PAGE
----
"Pioneer Women" makes me wish that, in addition to America's Thanksgiving Day , there might be a yearly pause -- with everything halted in schools and homes, in fields, factories, and offices -- to pay tribute to the pioneers of our nation. Especially the women pioneers, who shared with men the hardships, privations, agony, and triumphs, fighting forces of nature, sometimes catastrophic, giving their lives shortened by such struggles, walking in the shadows of their husbands, unsung by historians.
Joanna Stratton zeroes in on Kansas for her passionate and tender story of its women pioneers. While exploring the attic of her grandmother's home there, she found a file containing 800 autobiographies of Kansan women, solicited by her great-grandmother, Lilla Day Monroe, a 19th-century Kansas suffragist, lawyer, and publisher.The book contains excerpts from the best of those submitted.
Fascinated and stimulated by what was revealed in these papers, Joanna Stratton has written a book about women who stood stubbornly against the tough challenges of Kansas --rential rains, prairie fires, blizzards, cyclones, grasshoppers, and, above all, loneliness, intensified by the flat, vast, treeless expanse of prairie.
Melora Espy, who left her home at 17, already the principal of a girls' school, to come to Kansas, wrote: "To forsake culture, prosperity, and peace, for crude living, poverty, adversity and war, requires a poise of soul few possess."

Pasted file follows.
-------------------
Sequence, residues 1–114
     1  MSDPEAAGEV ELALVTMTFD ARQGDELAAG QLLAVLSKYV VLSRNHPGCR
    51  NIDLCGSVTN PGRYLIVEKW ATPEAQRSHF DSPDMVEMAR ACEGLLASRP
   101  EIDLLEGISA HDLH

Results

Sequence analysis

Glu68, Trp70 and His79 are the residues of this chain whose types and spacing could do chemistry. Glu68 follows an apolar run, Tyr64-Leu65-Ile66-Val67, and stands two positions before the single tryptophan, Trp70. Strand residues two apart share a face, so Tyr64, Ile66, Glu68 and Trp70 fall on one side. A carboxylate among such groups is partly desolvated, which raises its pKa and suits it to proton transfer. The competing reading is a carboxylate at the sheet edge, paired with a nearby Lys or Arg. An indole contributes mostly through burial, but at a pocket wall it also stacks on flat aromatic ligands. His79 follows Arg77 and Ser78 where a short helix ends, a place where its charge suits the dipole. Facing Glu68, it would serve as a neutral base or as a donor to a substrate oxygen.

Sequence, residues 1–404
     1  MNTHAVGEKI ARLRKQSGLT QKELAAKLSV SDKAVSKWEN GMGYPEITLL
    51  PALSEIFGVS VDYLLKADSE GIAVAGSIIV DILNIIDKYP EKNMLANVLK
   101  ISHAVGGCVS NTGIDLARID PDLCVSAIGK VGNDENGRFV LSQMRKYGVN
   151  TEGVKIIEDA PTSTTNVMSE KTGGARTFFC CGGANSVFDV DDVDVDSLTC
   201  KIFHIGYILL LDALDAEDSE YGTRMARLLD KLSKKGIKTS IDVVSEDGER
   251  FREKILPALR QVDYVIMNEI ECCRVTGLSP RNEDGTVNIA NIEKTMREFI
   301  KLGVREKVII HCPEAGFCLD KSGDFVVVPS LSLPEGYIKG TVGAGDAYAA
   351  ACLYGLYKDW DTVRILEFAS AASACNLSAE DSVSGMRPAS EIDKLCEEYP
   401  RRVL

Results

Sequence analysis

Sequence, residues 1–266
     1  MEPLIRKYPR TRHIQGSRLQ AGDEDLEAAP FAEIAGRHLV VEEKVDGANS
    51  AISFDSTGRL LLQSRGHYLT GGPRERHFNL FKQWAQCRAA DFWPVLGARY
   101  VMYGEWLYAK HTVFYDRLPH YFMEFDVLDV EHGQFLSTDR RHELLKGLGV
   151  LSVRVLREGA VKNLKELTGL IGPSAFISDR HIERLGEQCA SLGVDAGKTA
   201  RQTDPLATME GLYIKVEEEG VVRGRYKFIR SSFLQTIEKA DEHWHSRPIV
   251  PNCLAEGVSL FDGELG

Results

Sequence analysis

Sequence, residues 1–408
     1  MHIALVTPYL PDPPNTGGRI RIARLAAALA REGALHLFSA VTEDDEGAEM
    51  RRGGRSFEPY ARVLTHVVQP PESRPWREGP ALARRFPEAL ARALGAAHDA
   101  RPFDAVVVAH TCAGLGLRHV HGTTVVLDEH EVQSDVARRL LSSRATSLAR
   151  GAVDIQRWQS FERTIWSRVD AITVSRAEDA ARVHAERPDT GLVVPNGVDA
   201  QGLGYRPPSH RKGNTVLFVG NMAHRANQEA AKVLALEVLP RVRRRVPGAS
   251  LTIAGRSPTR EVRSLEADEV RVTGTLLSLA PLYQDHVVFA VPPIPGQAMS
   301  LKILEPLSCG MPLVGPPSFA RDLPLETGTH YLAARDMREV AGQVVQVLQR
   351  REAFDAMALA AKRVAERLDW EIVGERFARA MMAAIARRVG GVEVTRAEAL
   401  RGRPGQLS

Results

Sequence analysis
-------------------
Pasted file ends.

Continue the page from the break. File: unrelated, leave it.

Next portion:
Arthur M. Schlesinger Jr.'s excellent introduction refers to the Kansas pioneer memories as "fragrant and melancholy. . . ."
Fragrant indeed were the small joys of visits with distant neighbors, picnics , churchgoing, standing by one another in times of need, serving as midwives to bring new life and new hope to sod dugouts and houses. Worse than melancholy was the inhumanity recounted in the chapter "Wounds of War." In the four years preceding the Civil War, Kansas was the terrible proving ground of abolition and pro-slavery forces. The hatred and massacres are a blot on history. When war erupted, Kansas was taken into the Union as a free state, its men serving with losses higher than those of any other Northern state.
Occasionally throughout these pioneer chronicles, a woman's courage and spunk are enough to turn the tide. There's the story of the woman alone in her house with her children when she saw two Indians in flight from some drunken soldiers. She opened her door to shelter them, and when the soldiers threatened to break it down to reach the trembling Indians, she aimed her gun and told them she'd fire. The soldiers retreated.
Some rare pictures from the Kansas Historical Society as well as those belonging to the author reach solemnly out from the past to remind us of the role these women played in the development of America.
Readers owe a debt of gratitude to Joanna L. Stratton.